The Panasonic equivalent (or sibling) of the Leica V-Lux battery (BLC12PP) at B&H is $46!

Bought two of them and I am a happy camper!

Camera continues to blow me away! On a tripod, I attached a Canon 500D closeup screw-on filter lens with a step-up ring. Then I took three pictures @ 28mm, 35mm and 50mm in camera crop and wow! I focused on the second stem from the right. See below.

Best regards,

Ted

CLICK ‘EM FOR LARGER!

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Jun 182015
 
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The Mitakon Speedmaster 85 1.2 Sony FE Version Review

By Steve Huff

(all images here shot on a Sony A7II)

I have never been a 85 or 90mm lens kind of guy. While there are some GORGEOUS lenses in this focal length (Leica 90 Summicron APO, Leica 75 Summilux, Zeiss 85 Sonnar, Sony 90 Macro) I just always prefer a 35mm or 50mm, and sometimes a good 21mm focal length. When I shoot, my preference is to shoot people, and for people, I like to get in close to talk with them before I take their picture.

But even so, a nice 85mm lens has its place in my bag on occasion. Maybe I want to isolate a subject more, or get a little more reach than I am used to. Either way, two of my favorite 75-85 lenses have been the Canon 85 1.2 L lens, which is a beauty in all kinds of ways. When that lens is shot on a nice Canon full frame camera, the color, sharpness and Bokeh are outstanding, and unique. If I were rich, I’d have a 5D style camera and the 85L here just for those few occasions when I wanted that Canon 85L look.

The other lens I love is the Leica 75 Summilux. Not an 85mm of course but still a wonderful and beautiful lens capable of ethereal and organic renderings. The Leica 75 Summilux has been long discontinued and is one of those lenses that went from un popular to VERY popular after they released the M9. During the Leica M8 days, the 75 Lux could be found for $1200 all day long as no one wanted it on a crop sensor. After the M9 was released the prices went through the roof, and now a 75 Summilux will set yo back $3500+.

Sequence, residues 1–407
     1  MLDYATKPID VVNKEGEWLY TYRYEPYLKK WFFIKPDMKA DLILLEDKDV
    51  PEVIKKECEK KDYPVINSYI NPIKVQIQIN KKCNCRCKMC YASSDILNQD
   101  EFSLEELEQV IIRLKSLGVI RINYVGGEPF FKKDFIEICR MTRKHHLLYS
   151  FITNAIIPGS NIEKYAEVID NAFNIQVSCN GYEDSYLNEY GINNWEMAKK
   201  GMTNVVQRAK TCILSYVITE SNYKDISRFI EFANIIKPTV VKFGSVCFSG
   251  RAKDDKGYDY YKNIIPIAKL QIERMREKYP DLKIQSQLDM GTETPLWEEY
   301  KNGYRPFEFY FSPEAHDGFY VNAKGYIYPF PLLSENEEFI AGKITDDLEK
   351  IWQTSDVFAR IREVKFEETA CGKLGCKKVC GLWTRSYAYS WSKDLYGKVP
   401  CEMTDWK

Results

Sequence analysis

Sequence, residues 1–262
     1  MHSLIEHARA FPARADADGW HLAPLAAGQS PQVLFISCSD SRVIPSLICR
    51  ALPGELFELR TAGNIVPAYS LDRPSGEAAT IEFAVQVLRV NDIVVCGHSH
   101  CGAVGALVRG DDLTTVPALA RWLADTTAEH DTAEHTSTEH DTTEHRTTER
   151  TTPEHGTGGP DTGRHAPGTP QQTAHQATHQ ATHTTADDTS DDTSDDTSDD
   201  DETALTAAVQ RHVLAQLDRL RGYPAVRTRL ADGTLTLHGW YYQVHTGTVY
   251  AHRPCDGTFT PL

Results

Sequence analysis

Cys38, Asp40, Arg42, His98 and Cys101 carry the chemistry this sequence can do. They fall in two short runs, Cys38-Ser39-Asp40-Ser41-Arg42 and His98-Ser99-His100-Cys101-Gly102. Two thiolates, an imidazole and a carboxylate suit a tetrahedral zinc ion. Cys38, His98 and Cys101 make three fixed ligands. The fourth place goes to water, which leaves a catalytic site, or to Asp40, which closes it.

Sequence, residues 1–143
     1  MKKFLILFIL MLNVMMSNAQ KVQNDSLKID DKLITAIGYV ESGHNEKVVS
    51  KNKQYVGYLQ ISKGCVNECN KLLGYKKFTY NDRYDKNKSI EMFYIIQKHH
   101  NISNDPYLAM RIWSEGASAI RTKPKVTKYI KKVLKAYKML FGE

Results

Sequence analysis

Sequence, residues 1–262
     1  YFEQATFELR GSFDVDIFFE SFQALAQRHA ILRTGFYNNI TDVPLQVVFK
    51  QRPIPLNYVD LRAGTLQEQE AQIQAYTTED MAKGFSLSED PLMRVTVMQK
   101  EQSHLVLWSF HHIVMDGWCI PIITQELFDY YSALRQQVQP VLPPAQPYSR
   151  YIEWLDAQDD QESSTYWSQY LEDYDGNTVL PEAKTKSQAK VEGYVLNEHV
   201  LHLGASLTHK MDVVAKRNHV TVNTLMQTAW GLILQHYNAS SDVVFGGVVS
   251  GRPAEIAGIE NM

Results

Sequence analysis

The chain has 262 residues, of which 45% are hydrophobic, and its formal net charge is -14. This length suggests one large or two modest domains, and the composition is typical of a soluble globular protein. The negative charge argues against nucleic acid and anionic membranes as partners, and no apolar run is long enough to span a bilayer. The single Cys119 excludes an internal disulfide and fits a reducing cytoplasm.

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So why am I mentioning a Leica 75 Summilux in a review meant for a Sony mount lens? Well, because this Mitakon 85 f/1.2 Speedmaster lens reminds me more of the Leica 75 Lux than anything. I am not saying it is just like the Leica, as it is not, but the rendering has that out there ethereal kind of vibe, and it’s way more Leica Lux than Canon or your typical Sony lens.

YOU MUST CLICK IMAGES FOR LARGER VIEW AND TO SEE IT CORRECTLY!

Here is a shot taken in NYC in the morning. I was walking and saw this stylish woman taking some shots of everything with her phone. She had style, spunk and personality so after this shot I asked her if I could take her portrait. See those below… But this one was at f/1.2 with the Sony A7II

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The Mitakon Speedmaster 50 Came first..which is better?

A while ago I reviewed the other amazing Speedmaster lens, the 50 f/0.95. You can read that review here as it is loaded with samples that show the character of that lens (and PopFlash.com sell them HERE). While not a competitor to the Leica 50 Noctilux, the 50 Speedmaster is a pretty damn fine lens for  the money. To see some amazing shots with it, click HERE.  So the first lens, the 50, for the money was stunning and comes in at about 11X less than the Leica Noctilux. $1k vs $11k.